Big bucks for Bonnie and Clyde guns

2012-01-22 14:43

Kansas City - Two guns believed seized from gangsters Bonnie and Clyde in 1933 after a deadly Missouri shootout with police sold for a combined $210 000 at an auction on Saturday in Kansas City to an unnamed online bidder.

The bidder paid $130 000 for a .45-calibre Thompson submachine gun, commonly called a "Tommy gun." The same bidder paid $80 000 for an 1897 12-gauge Winchester shotgun.

"We're happy," said auctioneer Robert Mayo, owner of Mayo Auction & Realty, which held the auction attended by more than 100 people. As for the bid prices, Mayo said, "Nothing ever surprises me."

The guns were seized after a police shootout with Bonnie Parker and Clyde Barrow in Joplin, Missouri, on April 13 1933. Police raided an apartment where the couple was hiding out. Bonnie and Clyde escaped, but two officers died in the shootout.

A police officer later gave the weapons to Mark Lairmore, a Tulsa police officer, and they remained in the Lairmore family, according to a Mayo account of the guns' history.

Museum pieces

A great-grandson of Lairmore, also named Mark Lairmore, said the family no longer saw a need for the guns, which had been in a police museum in Springfield, Missouri, from 1973 until late last year.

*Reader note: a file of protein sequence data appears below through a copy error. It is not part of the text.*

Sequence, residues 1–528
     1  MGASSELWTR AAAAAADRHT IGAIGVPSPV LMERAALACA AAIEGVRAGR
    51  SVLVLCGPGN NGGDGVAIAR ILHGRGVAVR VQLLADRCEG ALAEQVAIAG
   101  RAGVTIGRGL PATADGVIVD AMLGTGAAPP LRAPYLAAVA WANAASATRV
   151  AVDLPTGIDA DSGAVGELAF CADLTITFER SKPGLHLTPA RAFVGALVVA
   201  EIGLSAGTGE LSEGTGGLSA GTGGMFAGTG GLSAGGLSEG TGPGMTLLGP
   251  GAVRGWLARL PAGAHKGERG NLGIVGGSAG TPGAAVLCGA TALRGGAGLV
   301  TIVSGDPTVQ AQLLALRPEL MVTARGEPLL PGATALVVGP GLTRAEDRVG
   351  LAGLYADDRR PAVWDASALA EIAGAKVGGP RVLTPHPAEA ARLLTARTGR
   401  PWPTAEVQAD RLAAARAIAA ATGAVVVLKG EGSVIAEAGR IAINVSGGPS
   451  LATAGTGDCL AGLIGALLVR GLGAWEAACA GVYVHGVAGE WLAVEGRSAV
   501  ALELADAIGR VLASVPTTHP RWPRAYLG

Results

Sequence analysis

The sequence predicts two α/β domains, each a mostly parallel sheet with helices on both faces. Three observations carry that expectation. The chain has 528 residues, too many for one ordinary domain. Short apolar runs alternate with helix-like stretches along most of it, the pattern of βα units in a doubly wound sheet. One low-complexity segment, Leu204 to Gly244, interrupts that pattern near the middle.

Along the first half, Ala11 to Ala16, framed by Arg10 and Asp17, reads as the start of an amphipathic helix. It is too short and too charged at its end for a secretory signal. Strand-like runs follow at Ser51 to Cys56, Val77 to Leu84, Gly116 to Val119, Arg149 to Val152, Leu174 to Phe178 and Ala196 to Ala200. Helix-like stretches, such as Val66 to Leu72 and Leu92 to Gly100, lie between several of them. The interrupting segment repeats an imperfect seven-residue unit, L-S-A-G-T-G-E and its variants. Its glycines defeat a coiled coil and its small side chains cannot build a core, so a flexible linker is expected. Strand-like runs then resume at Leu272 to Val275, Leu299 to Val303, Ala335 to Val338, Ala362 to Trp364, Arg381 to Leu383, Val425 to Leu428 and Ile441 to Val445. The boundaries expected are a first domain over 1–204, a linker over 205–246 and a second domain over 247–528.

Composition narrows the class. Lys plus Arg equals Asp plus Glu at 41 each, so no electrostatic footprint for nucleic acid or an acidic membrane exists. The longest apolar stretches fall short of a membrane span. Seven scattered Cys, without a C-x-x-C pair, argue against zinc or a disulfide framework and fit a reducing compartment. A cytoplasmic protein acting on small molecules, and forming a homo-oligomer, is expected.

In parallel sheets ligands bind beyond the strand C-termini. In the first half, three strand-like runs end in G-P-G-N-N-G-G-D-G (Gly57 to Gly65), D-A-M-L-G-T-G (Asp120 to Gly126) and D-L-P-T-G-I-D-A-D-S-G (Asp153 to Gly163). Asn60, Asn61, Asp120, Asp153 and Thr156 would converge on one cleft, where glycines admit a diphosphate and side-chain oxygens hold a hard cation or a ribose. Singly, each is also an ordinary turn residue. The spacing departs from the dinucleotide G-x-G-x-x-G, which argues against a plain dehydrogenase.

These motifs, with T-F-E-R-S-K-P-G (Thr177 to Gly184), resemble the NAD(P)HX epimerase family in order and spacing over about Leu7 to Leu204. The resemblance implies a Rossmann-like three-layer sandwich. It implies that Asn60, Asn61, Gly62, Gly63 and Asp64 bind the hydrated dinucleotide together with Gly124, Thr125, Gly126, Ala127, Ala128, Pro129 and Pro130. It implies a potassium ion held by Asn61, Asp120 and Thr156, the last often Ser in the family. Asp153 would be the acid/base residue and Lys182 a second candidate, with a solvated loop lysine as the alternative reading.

Several people bid in person on the guns on Saturday, including Michael Brown, who said he was representing a group that wanted the guns for a gangster museum planned in Las Vegas. He bid nearly as much as the winning bidder on each gun and said he especially wanted the Tommy gun.

"There are very few guns with the historic value of that one," Brown said as he left to catch a plane back to Las Vegas. Brown said he hadn't planned to bid on the second gun but did so after losing out on the Tommy gun. He said he was surprised the second gun went so high.

Mayo talked up the Tommy gun during the bidding as a "unique opportunity to own a piece of history" and he predicted the weapons would sell for much more in the years ahead.

The 1967 film Bonnie and Clyde starring Warren Beatty and Faye Dunaway as the title characters and directed by Arthur Penn is considered a landmark work for its modern treatment of sex and violence.

It won Academy Awards for best supporting actress and best cinematography, and was notable at the time for the bloodiness of its final death scene.

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